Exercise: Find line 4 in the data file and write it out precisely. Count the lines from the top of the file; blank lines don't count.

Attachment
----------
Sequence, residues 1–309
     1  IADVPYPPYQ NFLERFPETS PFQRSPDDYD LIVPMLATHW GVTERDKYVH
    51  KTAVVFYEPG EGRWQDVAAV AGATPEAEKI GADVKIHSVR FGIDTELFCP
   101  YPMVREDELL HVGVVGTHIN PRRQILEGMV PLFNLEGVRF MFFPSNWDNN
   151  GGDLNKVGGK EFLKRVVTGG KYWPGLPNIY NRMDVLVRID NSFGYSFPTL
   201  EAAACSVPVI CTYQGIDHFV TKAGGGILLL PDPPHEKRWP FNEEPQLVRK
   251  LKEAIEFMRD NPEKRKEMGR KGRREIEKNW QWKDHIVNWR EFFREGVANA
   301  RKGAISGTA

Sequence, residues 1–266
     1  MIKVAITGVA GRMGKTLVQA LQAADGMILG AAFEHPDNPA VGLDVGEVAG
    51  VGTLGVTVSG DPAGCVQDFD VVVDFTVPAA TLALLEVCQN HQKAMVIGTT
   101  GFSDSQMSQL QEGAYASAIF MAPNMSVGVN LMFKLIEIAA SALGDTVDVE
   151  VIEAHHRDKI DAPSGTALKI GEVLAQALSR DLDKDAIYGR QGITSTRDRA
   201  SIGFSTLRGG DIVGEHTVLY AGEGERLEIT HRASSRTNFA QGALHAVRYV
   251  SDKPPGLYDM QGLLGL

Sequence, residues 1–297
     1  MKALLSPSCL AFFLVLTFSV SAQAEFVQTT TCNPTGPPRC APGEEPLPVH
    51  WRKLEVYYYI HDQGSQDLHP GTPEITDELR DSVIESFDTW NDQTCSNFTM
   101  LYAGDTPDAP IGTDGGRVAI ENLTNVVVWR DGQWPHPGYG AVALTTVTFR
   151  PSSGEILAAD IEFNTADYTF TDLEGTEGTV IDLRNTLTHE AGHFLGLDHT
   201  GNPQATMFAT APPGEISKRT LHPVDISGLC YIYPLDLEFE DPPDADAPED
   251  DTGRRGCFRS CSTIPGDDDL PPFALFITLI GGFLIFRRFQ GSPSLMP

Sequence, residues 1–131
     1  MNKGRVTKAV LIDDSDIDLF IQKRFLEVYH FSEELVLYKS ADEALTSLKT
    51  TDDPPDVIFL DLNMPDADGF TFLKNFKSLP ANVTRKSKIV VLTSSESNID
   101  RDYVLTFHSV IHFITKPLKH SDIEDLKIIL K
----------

   101  YPMVREDELL HVGVVGTHIN PRRQILEGMV PLFNLEGVRF MFFPSNWDNN